“They brought my Karo to our house. He went to the kitchen with Gayane where he saw a big bucket of fresh eggs my mother had sent from the village,” Aida recalls. “My daughter asked if he wanted to have some. Karo said yes and asked, ‘Is it mine? All of this is mine?’”
When he finally moved in, he brought the toy motorcycle with him, already broken. He kept that motorcycle in his room for a long time. Only years later was he able to throw it away.
“When I brought him home, I thought he would be afraid to sleep by himself, so we slept in the same room. One night I woke up from his crying. He asked if he can sleep in my bed. He hugged me so tight. I was sweating profusely, but I didn’t want to move because I knew my Karo needed my warmth,” says Aida.
For a while, Karo didn’t call her mama. One day Aida’s mother had come to visit from her village. She recalls that Karo and her mother were sitting beside each other and constantly whispering. “I was preparing food in the kitchen when I heard him tell my mother in a hushed voice that he wants to call me mama,” Aida recalls. “I was serving them food later when all of a sudden my Karo asked, ‘Can I help you mama jan?’” Aida can’t remember what happened next. She was barely able to contain herself and was barely holding on to the bowl in her hands. She hugged Karo tightly. Aida praises God every day for her son.
Till today she can’t remember a time when Karo has simply said mama. It’s always been mama jan. Even when he’s upset he never forgets the jan part. They’ve had difficult times when Aida thought she wouldn’t be able to overcome them. But she never gave up.
Karo went through a turbulent period. Neighbors began complaining; he had broken store’s windows, bullied other children, stolen the wheel of a bicycle. “I knew I was dealing with a human being. I had to make peace with his good and bad decisions and then change those decisions for his good,” explains Aida. “One day I called Karo and said, ‘My boy, you are the pillar of my house, the fire that burns in our hearth.’ We talked for a long time. Now you can ask anybody on our street who Karo is. Not one person will say a bad thing about him. It’s all praise.”
Karo doesn’t like being in front of the camera and doesn’t like telling his life’s story. Gayane as well. Aida remembers a time when the siblings wouldn’t get along. She believes she is somewhat at fault there. She paid more attention to Karo, believing he needed it the most.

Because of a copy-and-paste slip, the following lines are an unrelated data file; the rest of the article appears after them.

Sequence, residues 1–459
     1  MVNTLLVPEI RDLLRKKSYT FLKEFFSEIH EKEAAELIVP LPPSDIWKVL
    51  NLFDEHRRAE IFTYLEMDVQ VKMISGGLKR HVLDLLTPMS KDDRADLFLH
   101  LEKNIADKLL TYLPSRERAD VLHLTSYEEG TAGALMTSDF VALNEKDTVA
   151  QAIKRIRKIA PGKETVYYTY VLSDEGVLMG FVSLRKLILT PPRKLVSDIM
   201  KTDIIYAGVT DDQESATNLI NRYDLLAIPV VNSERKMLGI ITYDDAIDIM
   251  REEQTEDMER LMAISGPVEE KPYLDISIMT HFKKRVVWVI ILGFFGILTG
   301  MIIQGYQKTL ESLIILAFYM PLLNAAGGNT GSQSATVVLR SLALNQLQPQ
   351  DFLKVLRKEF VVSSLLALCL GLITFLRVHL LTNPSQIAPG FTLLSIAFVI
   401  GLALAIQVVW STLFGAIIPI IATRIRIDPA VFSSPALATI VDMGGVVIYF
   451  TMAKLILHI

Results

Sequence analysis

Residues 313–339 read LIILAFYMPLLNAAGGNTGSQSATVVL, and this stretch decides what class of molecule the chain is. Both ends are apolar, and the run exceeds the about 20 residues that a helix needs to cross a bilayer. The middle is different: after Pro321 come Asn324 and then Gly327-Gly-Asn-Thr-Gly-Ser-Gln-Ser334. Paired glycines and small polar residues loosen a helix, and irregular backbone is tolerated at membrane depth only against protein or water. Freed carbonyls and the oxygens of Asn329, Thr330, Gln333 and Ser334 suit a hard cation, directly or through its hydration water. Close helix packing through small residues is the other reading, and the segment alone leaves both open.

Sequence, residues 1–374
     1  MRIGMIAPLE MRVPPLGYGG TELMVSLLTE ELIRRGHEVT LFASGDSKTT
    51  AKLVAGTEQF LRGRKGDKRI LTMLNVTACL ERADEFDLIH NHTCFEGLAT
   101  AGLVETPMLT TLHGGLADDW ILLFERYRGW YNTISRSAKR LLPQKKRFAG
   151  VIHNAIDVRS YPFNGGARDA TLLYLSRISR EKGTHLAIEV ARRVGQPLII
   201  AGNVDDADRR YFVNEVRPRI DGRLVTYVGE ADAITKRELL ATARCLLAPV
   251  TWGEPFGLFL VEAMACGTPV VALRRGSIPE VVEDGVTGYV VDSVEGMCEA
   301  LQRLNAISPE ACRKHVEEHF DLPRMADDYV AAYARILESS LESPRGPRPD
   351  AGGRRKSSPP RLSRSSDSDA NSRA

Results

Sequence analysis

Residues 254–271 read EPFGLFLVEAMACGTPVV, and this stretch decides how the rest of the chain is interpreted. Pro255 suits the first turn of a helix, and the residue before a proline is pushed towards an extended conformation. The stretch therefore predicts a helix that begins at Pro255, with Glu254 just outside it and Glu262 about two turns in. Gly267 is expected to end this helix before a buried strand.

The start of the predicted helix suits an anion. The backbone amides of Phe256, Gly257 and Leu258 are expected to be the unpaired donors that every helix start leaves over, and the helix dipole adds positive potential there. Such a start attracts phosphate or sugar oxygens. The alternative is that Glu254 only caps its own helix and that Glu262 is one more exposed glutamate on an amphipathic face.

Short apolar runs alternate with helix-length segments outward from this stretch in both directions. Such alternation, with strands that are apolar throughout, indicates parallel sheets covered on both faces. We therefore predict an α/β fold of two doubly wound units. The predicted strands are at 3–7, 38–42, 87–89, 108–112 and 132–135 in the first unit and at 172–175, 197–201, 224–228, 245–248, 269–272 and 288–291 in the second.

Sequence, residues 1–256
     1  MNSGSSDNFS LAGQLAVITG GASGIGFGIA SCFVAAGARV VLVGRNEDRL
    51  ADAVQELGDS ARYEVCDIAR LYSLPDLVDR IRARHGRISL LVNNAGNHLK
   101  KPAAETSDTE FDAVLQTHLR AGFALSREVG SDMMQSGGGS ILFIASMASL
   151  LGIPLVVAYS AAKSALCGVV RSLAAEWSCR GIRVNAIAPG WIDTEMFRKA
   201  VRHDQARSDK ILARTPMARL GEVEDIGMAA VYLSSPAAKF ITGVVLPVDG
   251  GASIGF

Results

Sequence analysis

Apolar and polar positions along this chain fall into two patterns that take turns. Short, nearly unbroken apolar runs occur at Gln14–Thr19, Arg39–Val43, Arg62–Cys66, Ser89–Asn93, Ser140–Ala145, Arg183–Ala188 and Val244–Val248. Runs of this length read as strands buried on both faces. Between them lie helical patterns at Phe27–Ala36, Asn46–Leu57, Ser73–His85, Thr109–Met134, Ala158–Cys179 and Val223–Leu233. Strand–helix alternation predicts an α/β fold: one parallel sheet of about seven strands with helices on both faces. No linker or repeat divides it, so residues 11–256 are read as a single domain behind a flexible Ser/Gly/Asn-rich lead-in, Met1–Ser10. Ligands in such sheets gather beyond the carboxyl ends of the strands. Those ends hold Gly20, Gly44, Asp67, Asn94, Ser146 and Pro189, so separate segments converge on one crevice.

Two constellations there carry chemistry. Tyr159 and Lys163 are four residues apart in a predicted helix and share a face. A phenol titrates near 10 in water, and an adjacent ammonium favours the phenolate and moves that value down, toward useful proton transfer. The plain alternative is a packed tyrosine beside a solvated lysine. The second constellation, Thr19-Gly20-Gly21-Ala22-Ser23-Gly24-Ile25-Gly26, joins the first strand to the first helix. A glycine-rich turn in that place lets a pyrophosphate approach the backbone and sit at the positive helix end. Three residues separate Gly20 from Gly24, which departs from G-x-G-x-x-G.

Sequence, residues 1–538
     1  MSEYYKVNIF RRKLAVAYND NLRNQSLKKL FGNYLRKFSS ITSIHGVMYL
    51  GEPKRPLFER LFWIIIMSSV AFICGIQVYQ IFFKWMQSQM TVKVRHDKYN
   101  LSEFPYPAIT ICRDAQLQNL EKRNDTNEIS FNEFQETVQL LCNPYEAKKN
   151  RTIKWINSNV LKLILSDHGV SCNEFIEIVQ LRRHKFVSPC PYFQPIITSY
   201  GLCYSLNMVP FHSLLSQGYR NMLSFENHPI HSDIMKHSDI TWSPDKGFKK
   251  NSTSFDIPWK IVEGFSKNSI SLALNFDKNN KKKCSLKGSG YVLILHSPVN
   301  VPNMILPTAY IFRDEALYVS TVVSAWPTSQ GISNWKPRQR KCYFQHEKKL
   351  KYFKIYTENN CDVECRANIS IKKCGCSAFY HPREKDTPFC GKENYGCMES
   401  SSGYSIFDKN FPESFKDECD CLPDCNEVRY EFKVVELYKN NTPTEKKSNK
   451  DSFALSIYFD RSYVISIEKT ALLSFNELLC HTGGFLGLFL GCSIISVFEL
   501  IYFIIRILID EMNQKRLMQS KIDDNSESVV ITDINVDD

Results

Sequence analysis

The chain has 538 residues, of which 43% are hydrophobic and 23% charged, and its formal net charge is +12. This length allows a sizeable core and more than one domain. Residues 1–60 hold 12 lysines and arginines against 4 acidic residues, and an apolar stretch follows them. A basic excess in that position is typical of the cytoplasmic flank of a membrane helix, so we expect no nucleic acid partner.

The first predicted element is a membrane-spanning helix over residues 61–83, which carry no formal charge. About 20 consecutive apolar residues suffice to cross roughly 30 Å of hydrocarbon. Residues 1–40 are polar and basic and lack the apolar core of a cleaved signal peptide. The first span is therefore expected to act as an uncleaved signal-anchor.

“If there was good candy, I would give it to Karo. If there was a need for clothes, I would think of Karo first,” Aida explains. “My daughter often fought with me as to why I would always first think about Karo. But we were able to overcome that.” Today, the children have resolved their feelings. “My Gayane worships her brother. My son is also very attentive to his sister. He picks her up from work, gives her advice and helps her out. I’m very proud of my children.”
Recently, Karo has been telling his mother they should take in a new foster child. Aida would joke around and say that if he wants a child around, he should tell Gayane to get married and have one. “My son said, ‘No, mama jan. I just think we can save another child’s life, give another child a family. I’ll take care of him/her, you just find one,’” recalls Aida. He kept asking for a boy. Aida tried to convince him to spend time with her nephew and niece, but he wouldn’t hear of it. In the end, Aida was convinced to become a foster parent once again. “I was touched when my Karo said he wants to give this child something which he did not have,” Aida says.
A young child enters the room. It is Armen [name has been changed], Aida’s future family member. He picks up a coloring book and leaves. “Armen has three siblings. All of them are already in foster families,” she explains. “When he found out his siblings were to move and live with other families, he started drawing. He would draw all his emotions on a piece of paper: a stormy sea, in it a boat, all drawn with a black pencil.” Aida says that when she first met Armen, she told him that her children Karo and Gayane were going to visit him. “When they did visit him, his drawings changed. He started drawing the sun, the sea, different colors, and three people. We have already passed the initial stage. It’s as if he’s part of the family already.”
There is a blue motorcycle on the coffee table. Karo bought the symbol of his own childhood and gave it to Armen, his “future brother,” as a present. All the documents are ready. They are currently waiting for the case manager to come inspect their house. They’ve been through this before. They’re just waiting for one more thing: Armen with his grape-shaped, black eyes.
With all the tragedy, trials and tribulations Aida’s been through, she still believes in this “crooked” world. She is happy. Soon her home will once again be filled with a child’s laughter. Their daily “adult” lives will have Armen in it.
Today, there are eight children residing in the Fund for Armenian Relief’s Vanadzor Center. Foster families have been found for most of them. The rest continue to live in the small, but tidy two-story house with the hopes that one day they too will find their warm corner in this big world.
Read EVN Report’s White Paper
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This project is funded by the UK Government’s Conflict, Stability and Security Fund.
The opinions expressed are those of the author and do not necessarily reflect the official position of the UK Government.